Histone H3 phosphorylation is considered to be a crucial event for the onset of mitosis and this antibody has been widely used in Drosophila and mammalian cell lines as a mitotic marker (Hendzel, Wei et al. 1997). Two members of the Aurora/AIK kinase family, Aurora A and Aurora B, phosphorylate histone H3 at the serine 10 residue (Chadee, Hendzel et al. 1999; Crosio, Fimia et al. 2002). Increased serine 10 phosphorylation of histone H3 has been seen in transformed fibroblasts (Chadee, Hendzel et al. 1999), suggesting that this antibody could make an excellent marker for cell proliferation in the zebrafish as well as detecting cell cycle mutations that may result in transformed phenotypes. In zebrafish, the phospho-histone H3 antibody (pH3) stains mitotic cells throughout the embryo (Figure 1A). pH3 staining in developing organs like the nervous system increases as they undergo proliferation during distinct developmental stages.
Study of the mitotic spindle and centrosomes is an important step in understanding mutants with cell cycle defects, particularly those whose phenotypes appear to be related to problems in mitosis. Genomic instability is one of the main alterations seen in human cancers and such unequal segregation of chromosomes can be caused by problems in mitotic spindle formation or centrosome number (Kramer, Neben et al. 2002). In this protocol, anti-a-tubulin labels the mitotic spindle, anti-g-tubulin the centrosome, and DAPI the DNA.
5-bromo-2-deoxyuridine (BrdU) is a nucleoside analog that is specifically incorporated into DNA during S-phase (Meyn, Hewitt et al. 1973) and can subsequently be detected with an anti-BrdU specific antibody. This technique has been used to label replicating cells in zebrafish embryos (Larison and Bremiller 1990) and adults (Rowlerson, Radaelli et al. 1997). The following protocol is designed to label a fraction of proliferating cells in zebrafish embryos, to allow comparison of the replication fraction of different embryos (Figure 1 B). If the embryos are chased for varying amounts of time after the BrdU pulse, then fixed and stained for both BrdU and pH3 (section B), the transit of cells from S phase into G2/M can be assessed.. This is useful in analyzing mutants with mitotic phenotypes.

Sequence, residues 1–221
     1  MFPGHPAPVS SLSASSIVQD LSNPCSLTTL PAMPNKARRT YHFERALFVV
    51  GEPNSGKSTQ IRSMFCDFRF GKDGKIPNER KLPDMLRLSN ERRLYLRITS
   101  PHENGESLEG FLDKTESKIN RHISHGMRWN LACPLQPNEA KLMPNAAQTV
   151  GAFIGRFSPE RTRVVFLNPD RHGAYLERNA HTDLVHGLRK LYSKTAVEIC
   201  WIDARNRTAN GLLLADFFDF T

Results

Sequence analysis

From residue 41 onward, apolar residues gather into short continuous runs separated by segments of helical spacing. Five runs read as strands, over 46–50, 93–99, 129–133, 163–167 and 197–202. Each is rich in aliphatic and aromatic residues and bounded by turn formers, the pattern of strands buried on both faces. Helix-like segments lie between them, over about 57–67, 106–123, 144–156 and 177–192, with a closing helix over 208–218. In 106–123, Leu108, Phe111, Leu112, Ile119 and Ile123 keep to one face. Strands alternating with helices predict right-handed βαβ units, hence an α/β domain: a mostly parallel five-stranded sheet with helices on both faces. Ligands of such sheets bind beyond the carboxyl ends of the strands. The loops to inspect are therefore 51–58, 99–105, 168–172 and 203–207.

The Comet Assay, also known as the Single Cell Microgel Electrophoresis (SCGE) assay, is a highly sensitive technique that is used to detect DNA damage at the single cell level(Singh, McCoy et al. 1988). Cells are embedded into a thin agarose gel, through which a current is run allowing for migration of DNA. Smaller fragments of DNA, resulting from DNA damage, will travel more quickly and appear as a tail to the nucleus “comet head”. The comets can be visualized using a nuclear stain, such as SYBR green, and visualized under a fluorescent microscope. The following protocol is designed to isolate cells from zebrafish embryos and detect any kind of DNA damage. Variations of this technique allows for specific detection of double-stranded break
The study of cellular senescence was initiated by Hayflick and Moorhead and was first described in 1961(Hayflick and Moorhead 1961). Cellular senescence pertains to the cessation of cell replication and certain morphological and transcriptional changes that occur when cells permanently cease dividing. Although it is unclear whether the events that occur during in vitro cellular senescence also occur during organismal aging (Masoro 2006; Hayflick 2007) studies have revealed strong connections between cellular senescence, cancer, and age-related diseases (Campisi 2005). Cellular senescence most likely arose evolutionarily as a mechanism to defend against tumorigenesis (Shay and Roninson 2004). When a cell is afflicted by stress that may result in transformation (such as oxidative stress, DNA damage or overepxpression of oncogenes) tumor-suppressor genes such as p53 may force the cell to undergo senescence-induced arrest. Arrested cells are functional but are not a risk for tumor initiation. Senescence also occurs as the ends of chromosomes, the telomeres, shorten. During reach replication cycle, if no active telomerase is present (Bodnar, Ouellette et al. 1998), the telomeres shorten, leading eventually to critically short telomeres which may interfere with gene expression and genomic stability (Shay and Wright 2006). Normal cells senesce before telomeres shorten to the point of causing genomic instability, therefore instilling a counting mechanism which confirms Hayflick’s observation in 1961 (Shay and Wright 2006).